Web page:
Interview with Climaxia of Italy’s Melencolia Estatica

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Interview by Jason Guest

Jason: Hi. Thanks for taking time out for this interview. Congratulations on Hel; it’s an incredible album (Ed: Jason’s review is here). What it was that you wanted to achieve with HeI? For you, how has the band developed since 2008’s Letum?

Climaxia: The main concept about Hel was to detach from the past, trying to follow through M.E. in a different direction compared to the black depressive shades of the previous albums. From 2008 there was plenty of time to come up with ideas and concepts that were then only abstract ideas, time helped me for sure to understand what was my goal and what would be the future of this project; starting from changing the label and new collaborations who immediately represented a turning point in M.E.; a new logo; and for the first time collaborations with graphic artists for the album cover and artwork. Use of a certain level of cooperation is certainly something that now characterizes M.E., I feel especially to mention Mories of Gnaw Their Tongues among the many who worked on the drafting of orchestrations of Hel in which, among other things, I hope to work again.

Jason: According to the press release, Hel is inspired by Fritz Lang’s Metropolis, a film released in the early part of the 20th century (and recently re-released with missing footage and a bunch of extras). What is it about this film that you decided to take it as inspiration for a whole album? Do you think it has as much relevance now as it did upon its initial release?

Climaxia: I think Metropolis perfectly represents the kind of feelings Melencolia Estatica always wanted to show through its music. The main theme of the film that definitely caught my attention and inspired me was the vision that Metropolis gives about human being. More specifically, I think it is still one of the most effective portraits that art gave throughout the years about the relationship between man and modernity. So I’m not only firmly convinced that the whole film has the same relevance it has when it was released, I would say it is more relevant. This is because of the fact that when it came out in 1927 it was a vision, a solitary try to foresee what it could be in the future. By now it is the picture of today’s reality. If you look at the film you will see there is at least one experience, or more, everyone of us could have personally lived. It is barely prophetical in a certain sense. Definitely a masterpiece.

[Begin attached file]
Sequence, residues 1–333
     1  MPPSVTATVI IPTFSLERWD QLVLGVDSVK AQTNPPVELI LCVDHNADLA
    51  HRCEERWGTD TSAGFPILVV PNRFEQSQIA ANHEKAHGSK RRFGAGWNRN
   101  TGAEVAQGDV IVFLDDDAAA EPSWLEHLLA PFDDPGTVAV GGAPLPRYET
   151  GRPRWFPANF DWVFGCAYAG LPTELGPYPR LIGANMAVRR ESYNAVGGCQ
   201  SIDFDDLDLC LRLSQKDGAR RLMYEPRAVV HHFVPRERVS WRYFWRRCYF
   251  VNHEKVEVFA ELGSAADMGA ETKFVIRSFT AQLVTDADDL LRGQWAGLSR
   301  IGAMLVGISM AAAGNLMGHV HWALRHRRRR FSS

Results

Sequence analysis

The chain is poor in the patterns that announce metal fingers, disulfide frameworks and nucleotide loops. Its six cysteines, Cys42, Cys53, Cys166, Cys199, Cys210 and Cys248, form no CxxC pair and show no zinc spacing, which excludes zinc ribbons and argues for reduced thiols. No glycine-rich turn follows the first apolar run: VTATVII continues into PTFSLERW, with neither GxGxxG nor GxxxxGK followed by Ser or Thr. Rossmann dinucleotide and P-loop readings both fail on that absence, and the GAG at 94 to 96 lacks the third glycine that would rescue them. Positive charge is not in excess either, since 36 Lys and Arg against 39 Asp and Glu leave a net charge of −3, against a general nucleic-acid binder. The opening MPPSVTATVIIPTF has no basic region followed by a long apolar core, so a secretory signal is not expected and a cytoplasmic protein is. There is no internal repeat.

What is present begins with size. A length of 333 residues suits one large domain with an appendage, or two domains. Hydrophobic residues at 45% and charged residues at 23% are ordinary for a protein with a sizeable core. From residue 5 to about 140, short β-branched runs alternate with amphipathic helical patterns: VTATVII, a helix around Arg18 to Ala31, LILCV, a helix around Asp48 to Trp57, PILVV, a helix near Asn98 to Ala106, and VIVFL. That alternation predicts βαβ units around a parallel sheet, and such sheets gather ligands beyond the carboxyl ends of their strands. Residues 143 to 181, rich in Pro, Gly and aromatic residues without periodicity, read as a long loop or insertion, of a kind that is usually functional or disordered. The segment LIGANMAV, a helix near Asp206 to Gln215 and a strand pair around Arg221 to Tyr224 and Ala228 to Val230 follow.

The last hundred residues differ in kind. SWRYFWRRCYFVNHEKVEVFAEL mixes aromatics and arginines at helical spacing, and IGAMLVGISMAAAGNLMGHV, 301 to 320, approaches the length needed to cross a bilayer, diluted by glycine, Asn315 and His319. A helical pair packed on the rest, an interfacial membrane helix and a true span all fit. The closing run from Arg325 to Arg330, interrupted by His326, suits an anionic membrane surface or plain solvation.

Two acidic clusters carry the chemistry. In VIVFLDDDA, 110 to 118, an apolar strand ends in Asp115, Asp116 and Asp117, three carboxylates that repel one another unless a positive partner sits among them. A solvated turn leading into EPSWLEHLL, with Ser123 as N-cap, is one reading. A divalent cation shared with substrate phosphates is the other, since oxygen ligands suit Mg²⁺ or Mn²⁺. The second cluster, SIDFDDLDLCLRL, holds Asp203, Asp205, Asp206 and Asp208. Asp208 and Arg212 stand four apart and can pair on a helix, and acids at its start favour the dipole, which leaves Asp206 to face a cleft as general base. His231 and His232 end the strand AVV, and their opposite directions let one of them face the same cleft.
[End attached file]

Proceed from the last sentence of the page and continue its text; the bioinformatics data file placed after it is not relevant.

Jason: How did the film, such an epic in terms of its vision and its execution, influence the writing of Hel?

Climaxia: It didn’t simply influence the writing of Hel. The lyrics and the music of this album are Metropolis and viceversa. My specific intention while I was writing the words was not to tell a story, and especially not to make a short summary of the film. My idea was to take its images, its places, its smells, its sounds and its people, and turn them into a living background where the listener could walk and live. So Metropolis is not simply the inspiration; it is the setting of the entire album, the place where it stands and takes its life.

Jason: The three chimes that open the album are very intriguing. As well as religious overtones, they convey a dark sense of foreboding. What do they signify?

Climaxia: It was a choice made by me and Afthenktos to simulate the chimes of the clock present in one of the most famous scenes of Metropolis, a sort of brief introduction to the world, gray and decaying modernity, almost surreal that you breathe from the first minute of the film.

Jason: The album has a dream-like feel to it yet at the same time it can feel mechanical in the sense that the listening experience is very disconcerting and disorientating. Do you think that music – something intangible and abstract – is itself imbued with a power to enact some form of transformation within both the creator and the listener? Is this what you want Melencolia Estatica’s music to achieve?